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Family's Verizon account hacked, suspect purchased iPhones, Apple Watches

Family's Verizon account hacked, suspect purchased iPhones, Apple Watches
Family's Verizon account hacked, suspect purchased iPhones, Apple Watches 02:26

BOSTON - Laura Roppolo and her husband, Eric, were on vacation last month when they received an email receipt stating they had paid their monthly bill. The trouble is, that receipt came two weeks ahead of their scheduled payment and referenced a card number they did not recognize. It was just the first sign of many that would end up with their accounts being hacked and thousands of dollars of devices bought under their name.

"It's been quite a mess actually," said Laura Roppolo. The mother of five lives in Holland, Massachusetts but said a week after they returned from their trip, they got an email saying new iPhones and Apple Watches had been purchased at two Verizon stores. One in Danvers, the other in Malden. Two towns this family said they had never been to.

The family was forced to scramble to secure their accounts.

"For a good eight days we did not have access to our bank accounts," said Roppolo. "Our direct deposits were interrupted. It was a mess."

The two stores are owned by Russell Cellular, an authorized Verizon retailer. Russell Cellular could not be reached for this report.

Verizon Wireless told WBZ-TV there is a two-step process employees take before purchases can be made. Customers must present a government issued ID and complete a second verification step, like providing a PIN.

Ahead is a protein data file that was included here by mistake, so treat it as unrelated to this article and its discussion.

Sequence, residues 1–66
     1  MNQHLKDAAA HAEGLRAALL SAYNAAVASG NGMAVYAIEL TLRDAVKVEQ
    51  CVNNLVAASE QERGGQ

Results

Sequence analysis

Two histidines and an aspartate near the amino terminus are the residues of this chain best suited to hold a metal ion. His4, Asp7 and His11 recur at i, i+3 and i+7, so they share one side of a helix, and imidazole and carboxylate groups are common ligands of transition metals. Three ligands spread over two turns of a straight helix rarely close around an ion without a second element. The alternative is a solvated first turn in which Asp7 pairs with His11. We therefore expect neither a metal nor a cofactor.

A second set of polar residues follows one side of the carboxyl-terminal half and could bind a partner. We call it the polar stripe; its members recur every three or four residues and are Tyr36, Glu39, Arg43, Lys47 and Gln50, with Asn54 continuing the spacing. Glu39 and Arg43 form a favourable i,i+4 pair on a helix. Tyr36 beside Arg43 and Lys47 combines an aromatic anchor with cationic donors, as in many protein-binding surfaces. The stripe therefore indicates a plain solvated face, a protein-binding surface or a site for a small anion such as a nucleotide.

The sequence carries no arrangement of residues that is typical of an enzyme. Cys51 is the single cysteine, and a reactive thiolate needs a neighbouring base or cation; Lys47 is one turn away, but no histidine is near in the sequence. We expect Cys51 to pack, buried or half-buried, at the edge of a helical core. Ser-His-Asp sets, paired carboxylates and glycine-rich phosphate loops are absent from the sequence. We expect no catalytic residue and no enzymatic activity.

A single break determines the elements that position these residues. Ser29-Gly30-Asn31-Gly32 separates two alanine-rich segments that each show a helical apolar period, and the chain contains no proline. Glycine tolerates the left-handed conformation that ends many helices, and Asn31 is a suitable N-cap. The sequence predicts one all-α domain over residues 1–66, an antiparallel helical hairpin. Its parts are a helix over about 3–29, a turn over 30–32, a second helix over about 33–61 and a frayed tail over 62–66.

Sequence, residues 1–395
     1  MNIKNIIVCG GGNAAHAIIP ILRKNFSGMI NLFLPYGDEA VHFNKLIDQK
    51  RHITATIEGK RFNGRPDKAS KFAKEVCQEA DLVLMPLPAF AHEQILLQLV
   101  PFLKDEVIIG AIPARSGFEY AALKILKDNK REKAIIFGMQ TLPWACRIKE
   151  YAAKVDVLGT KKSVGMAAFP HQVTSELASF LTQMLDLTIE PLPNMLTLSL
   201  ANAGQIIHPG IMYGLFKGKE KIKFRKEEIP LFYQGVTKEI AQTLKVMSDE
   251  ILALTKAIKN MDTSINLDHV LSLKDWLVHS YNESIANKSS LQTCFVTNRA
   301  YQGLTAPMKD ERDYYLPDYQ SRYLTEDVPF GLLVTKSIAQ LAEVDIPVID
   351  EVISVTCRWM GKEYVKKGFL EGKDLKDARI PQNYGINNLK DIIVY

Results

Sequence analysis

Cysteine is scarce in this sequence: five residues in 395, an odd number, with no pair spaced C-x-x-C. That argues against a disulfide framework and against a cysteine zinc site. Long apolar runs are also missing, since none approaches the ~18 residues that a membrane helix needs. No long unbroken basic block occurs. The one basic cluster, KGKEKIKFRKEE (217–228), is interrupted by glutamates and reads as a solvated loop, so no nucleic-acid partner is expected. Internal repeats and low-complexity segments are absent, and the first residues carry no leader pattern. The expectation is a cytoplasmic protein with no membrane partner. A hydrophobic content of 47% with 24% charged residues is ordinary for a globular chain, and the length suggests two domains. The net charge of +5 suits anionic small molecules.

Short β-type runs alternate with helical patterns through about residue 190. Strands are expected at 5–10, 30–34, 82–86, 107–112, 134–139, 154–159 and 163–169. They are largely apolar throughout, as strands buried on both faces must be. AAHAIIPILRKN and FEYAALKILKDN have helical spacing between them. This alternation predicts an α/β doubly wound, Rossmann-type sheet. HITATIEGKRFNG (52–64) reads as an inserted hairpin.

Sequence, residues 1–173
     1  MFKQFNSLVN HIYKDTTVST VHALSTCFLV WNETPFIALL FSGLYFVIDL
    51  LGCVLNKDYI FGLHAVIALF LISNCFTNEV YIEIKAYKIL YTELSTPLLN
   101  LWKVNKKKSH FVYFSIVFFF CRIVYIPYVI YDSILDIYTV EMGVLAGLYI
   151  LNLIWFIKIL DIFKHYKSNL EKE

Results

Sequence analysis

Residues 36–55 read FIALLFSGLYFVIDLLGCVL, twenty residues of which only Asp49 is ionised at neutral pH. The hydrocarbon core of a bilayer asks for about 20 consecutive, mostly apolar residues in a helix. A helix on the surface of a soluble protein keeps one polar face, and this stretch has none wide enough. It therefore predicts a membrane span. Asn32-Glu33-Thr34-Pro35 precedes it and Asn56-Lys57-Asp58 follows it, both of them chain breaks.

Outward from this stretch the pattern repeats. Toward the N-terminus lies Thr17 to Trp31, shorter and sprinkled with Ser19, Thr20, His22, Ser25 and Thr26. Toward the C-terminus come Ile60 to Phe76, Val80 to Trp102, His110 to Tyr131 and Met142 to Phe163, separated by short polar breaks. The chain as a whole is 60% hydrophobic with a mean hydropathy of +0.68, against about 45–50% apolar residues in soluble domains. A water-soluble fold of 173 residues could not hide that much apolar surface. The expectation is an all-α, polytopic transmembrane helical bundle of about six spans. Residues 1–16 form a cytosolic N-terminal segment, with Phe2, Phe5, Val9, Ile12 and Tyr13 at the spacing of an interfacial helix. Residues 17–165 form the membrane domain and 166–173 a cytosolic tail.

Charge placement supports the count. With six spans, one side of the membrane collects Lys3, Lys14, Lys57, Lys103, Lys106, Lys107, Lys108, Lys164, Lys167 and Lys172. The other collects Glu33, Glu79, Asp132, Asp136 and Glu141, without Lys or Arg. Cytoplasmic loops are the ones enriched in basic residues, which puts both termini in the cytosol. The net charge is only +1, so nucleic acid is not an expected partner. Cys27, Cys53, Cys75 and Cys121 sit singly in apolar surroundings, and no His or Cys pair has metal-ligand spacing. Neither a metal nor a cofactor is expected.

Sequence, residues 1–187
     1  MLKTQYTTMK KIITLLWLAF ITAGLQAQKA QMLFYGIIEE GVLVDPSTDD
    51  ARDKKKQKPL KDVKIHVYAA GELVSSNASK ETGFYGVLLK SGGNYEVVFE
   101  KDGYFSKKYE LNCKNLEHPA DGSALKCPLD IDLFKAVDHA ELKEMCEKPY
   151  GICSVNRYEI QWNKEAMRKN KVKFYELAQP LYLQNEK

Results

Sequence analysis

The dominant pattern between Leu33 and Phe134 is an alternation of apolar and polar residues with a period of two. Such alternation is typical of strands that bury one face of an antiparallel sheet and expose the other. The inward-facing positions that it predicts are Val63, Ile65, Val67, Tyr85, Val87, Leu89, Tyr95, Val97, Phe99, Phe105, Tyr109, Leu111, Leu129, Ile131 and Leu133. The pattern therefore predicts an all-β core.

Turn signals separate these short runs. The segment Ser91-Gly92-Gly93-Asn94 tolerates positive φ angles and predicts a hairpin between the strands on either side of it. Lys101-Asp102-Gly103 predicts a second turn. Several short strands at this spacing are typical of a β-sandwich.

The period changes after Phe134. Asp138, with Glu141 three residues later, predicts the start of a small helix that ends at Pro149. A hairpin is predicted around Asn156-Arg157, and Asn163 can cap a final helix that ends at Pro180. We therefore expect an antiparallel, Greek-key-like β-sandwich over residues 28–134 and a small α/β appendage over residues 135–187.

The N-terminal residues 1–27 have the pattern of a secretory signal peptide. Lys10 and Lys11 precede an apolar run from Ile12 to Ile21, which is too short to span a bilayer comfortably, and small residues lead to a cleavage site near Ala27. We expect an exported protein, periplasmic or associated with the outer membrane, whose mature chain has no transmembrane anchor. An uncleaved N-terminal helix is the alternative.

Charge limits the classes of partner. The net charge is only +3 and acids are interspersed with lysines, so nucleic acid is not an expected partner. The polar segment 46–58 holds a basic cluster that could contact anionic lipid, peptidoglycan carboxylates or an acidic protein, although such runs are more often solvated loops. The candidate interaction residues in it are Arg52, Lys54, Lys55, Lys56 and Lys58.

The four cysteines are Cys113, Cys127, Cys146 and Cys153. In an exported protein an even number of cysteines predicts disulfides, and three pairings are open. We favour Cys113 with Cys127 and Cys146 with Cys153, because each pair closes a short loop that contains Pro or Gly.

In the case of the Roppolo account, a spokesperson for Verizon told WBZ-TV it appeared the employees in the stores followed that process.

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Police said it is likely the suspect in this case used a fake ID, but it remains unclear how the man knew the family's PIN.

"Was there a breach at Verizon? Is there some other means this person is getting our information? How did this happen so this does not happen to somebody else?" said Roppolo. "If we keep letting this happen and we don't go after the bigger reason it's going to keep happening."

Malden Police said they had worked and found a man had visited both stores in the timeframe of the fraudulent purchases. They are currently working to identify the man in security camera footage.

"People are able to obtain sensitive information through a course or a series of events," said Malden Police Lt. Michael Powell. "That could be phishing through mail or listening to a phone conversation. It appears at least some of those protocols were followed meaning, some sort of identification was presented."

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